Labor frontbencher Chris Bowen, who has previously been shadow treasurer and before that treasurer, wants the study of economics made “more sexy” to attract more students, especially women, to study it.
And he thinks young people’s concerns about climate change might be a way to encourage them into a discipline which has seen falling numbers.
In his Warren Hogan memorial lecture, Bowen highlights the rise of business courses and the decline of those in economics. The lecture, to be delivered on Wednesday night, has been released beforehand.
The number studying economics in their HSC or equivalent qualification has gone from about 40,000 in 1993, to about 11,000 today, Bowen points out.
Since the early 1990s, which is when the subject of business studies was added to the curriculum the study of economics in high schools has collapsed by 70% across Australia, and 75% here in NSW.
Economics is now taught in just one third of government schools and half of non-government schools.
And while the number of university undergraduates studying economics at university has remained static at around 10,000 over this time, this is of course against the background of a big increase in the numbers of university students in total, meaning economics has shrunk has a proportion of university study generally.
In fact between 2001 and 2016, the number of economics undergraduates fell slightly, while the numbers undertaking banking and finance, management and commerce and business studies degrees grew strongly.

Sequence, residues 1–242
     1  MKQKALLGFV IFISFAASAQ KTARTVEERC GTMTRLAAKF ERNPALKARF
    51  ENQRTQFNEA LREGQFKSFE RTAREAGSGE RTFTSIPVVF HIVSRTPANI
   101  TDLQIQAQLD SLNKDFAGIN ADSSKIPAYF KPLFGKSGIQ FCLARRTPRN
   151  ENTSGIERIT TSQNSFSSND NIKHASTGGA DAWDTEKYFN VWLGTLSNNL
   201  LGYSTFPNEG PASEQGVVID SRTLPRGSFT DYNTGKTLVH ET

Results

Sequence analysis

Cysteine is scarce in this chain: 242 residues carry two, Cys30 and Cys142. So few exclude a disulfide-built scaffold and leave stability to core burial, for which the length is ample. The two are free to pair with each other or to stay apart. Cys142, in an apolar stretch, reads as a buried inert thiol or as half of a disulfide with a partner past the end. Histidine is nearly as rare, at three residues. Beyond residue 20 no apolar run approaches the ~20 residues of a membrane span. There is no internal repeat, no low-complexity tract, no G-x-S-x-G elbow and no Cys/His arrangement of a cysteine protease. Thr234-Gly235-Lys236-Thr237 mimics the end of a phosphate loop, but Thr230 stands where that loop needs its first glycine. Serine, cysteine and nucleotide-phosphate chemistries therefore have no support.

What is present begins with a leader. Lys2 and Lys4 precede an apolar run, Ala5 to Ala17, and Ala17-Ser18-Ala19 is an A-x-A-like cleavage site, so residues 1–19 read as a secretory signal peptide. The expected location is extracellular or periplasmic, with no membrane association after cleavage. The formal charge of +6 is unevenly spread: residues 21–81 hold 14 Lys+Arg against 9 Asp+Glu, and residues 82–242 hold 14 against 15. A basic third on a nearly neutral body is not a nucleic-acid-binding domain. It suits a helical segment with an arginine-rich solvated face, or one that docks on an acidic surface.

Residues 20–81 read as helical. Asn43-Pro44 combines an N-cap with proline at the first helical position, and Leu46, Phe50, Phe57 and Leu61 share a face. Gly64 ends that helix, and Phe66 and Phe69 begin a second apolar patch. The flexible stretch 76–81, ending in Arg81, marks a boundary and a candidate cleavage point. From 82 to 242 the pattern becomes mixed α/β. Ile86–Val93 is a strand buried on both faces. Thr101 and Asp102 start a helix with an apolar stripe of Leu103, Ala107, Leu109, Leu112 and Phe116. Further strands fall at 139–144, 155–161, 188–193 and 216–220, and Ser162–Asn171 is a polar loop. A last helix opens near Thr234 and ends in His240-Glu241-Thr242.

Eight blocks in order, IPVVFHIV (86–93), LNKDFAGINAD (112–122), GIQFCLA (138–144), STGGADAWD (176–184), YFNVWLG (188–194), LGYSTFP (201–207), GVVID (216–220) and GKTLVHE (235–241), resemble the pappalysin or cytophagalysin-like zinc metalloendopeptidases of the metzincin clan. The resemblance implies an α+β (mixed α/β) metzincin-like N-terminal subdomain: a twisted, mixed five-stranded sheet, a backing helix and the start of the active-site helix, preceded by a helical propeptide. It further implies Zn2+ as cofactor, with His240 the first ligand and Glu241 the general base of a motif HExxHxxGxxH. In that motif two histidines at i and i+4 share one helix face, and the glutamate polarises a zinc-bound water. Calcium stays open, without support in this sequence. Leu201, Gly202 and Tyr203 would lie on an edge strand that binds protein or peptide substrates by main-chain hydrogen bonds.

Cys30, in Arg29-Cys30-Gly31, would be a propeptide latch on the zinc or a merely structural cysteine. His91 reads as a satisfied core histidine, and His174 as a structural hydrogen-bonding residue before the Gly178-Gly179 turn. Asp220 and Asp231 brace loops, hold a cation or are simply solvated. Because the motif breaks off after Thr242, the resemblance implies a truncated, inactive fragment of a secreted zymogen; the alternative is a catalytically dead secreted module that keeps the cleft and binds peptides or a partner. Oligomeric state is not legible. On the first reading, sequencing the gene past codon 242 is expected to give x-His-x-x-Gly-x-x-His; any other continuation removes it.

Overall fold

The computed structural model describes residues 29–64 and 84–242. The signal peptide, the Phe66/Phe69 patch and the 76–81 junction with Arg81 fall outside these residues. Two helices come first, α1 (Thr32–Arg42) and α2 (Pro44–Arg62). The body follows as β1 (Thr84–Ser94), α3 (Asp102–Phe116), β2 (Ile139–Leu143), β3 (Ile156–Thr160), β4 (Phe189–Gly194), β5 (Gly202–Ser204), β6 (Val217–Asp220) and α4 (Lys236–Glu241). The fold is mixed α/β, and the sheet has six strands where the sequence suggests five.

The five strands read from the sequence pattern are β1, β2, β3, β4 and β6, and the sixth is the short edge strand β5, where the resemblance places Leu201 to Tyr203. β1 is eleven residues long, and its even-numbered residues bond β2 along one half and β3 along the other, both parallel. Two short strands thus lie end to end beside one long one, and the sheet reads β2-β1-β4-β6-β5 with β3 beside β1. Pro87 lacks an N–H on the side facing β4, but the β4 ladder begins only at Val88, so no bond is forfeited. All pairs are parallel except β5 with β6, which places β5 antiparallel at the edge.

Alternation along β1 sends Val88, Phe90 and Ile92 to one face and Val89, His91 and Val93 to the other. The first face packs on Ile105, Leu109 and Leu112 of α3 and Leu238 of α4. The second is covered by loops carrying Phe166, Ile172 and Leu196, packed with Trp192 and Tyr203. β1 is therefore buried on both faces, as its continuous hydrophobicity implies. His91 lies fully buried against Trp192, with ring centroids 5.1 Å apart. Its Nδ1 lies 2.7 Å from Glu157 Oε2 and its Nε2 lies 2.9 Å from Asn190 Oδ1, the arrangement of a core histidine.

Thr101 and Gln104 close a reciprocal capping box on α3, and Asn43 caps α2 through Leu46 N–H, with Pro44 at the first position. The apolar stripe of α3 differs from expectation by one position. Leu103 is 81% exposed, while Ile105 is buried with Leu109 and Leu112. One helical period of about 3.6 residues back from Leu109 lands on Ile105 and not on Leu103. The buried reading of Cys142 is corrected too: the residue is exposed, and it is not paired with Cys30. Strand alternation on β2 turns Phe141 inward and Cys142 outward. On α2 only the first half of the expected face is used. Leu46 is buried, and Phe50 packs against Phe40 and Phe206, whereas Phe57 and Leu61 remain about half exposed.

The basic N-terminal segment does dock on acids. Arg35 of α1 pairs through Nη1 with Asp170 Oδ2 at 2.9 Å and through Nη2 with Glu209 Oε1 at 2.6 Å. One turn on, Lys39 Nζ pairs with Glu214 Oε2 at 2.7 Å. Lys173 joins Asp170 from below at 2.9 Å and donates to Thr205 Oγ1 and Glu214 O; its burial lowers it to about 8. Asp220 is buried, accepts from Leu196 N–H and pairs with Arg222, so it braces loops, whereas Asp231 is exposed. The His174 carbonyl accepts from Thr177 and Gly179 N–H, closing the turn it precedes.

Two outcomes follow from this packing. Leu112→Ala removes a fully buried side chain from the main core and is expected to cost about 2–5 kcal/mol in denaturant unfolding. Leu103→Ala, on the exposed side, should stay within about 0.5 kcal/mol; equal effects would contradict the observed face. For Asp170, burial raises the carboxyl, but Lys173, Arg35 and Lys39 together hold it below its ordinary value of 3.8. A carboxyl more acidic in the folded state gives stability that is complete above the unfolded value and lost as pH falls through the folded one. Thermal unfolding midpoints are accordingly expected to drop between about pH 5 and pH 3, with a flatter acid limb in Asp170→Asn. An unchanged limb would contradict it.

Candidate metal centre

Bowen says that in the decade to 2016, the number of Australian universities offering economic degrees fell from 21 to 17.
Meanwhile the gender gap in economics students has been rising.
In the early 1990s when I was a young economics student at school, the breakdown of males and females in the economics classrooms of Australia was 50-50. … The ratio of boys to girls is now two to one. That’s worse than we do in the STEM subjects.
While saying he has nothing against business studies, Bowen says he is “concerned that the nation will lose out, our society will lose out, if fewer young people are trained in the fundamentals of good economic decision making and more and more are trained in the more commercial skills sets of banking and business studies”.
Bowen says young people are passionate about big issues, notably climate change and inequality.
They want solutions. And if we want solutions that are effective, enduring and efficient, only economics can supply them.
A rigorous economic training can equip young people to challenge the issues of their age. And explaining the value of economic training to young people in dealing with things like climate change and inequality might just make it a more attractive option for study.
Passion to tackle climate change might be one selling point for young people and the study of economics.
Bowen says the government should add climate change to the list of National Health Priority Areas.
Current areas are cancer control, cardiovascular health, injury prevention, mental health, diabetes mellitus, arthritis and musculoskeletal conditions, obesity and dementia. The government recently proposed the addition of medicines safety.
Bowen says severe climate change, of the type the world is on track for, threatens health. Adding climate change to the priority list would raise awareness of the health challenge it presents “and set out a road map for dealing with it”.
Authors: Michelle Grattan, Professorial Fellow, University of Canberra